Act utilitarianism does not account for all of the morally relevant features of tragic dilemmas; cases in which an agent, through no fault of her own, must choose from among (at least) two options, both of which are morally repugnant. Because Aristotelian virtue ethics emphasizes an agent's motivations and emotional responses, many philosophers assume it accommodates the relevant features of tragic dilemmas. Here, it is shown that one leading version of Aristotelian virtue ethics--the one espoused by Rosalind Hursthouse--does not satisfactorily resolve such cases.
Next, two other contemporary theories that emphasize the virtues are explained and evaluated: Thomas Hurka's consequentialism and Christine Swanton's virtue ethics. Although both views are problematic, Swanton provides a more accurate specification of the values at stake in our moral decisions. Though her theory is not without shortcomings, the worthwhile project, I argue, lies in an attempt to overcome the obstacles her theory faces.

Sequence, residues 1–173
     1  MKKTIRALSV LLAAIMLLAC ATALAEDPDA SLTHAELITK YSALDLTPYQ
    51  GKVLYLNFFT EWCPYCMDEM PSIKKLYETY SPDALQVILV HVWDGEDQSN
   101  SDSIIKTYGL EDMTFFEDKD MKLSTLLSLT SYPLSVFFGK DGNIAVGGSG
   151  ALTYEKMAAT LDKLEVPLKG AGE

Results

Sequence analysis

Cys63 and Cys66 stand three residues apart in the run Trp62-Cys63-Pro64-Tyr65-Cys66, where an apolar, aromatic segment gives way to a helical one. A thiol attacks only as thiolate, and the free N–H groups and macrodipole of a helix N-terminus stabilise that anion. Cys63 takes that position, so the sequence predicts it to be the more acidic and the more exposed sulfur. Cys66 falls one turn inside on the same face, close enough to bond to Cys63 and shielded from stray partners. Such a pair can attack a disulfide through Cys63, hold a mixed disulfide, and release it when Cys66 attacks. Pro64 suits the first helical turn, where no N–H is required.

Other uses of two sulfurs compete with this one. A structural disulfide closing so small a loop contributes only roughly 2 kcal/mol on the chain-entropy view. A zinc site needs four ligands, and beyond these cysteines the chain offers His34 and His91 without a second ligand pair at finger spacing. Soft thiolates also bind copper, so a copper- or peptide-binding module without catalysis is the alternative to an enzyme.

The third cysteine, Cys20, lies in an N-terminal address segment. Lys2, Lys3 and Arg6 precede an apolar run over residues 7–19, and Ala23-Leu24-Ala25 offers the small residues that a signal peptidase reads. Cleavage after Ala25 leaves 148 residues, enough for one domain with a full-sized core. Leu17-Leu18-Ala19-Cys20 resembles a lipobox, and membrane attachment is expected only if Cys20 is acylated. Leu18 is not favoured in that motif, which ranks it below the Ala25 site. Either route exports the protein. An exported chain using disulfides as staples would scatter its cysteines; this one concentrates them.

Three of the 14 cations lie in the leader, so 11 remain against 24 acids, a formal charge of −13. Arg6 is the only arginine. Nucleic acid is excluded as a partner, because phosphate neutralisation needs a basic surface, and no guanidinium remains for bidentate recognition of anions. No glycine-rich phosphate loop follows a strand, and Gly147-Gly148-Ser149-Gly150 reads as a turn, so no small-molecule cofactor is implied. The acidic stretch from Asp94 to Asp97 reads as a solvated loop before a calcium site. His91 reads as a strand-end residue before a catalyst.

|School:||California State University, Long Beach|
|School Location:||United States -- California|
|Source:||MAI 51/01M(E), Masters Abstracts International|
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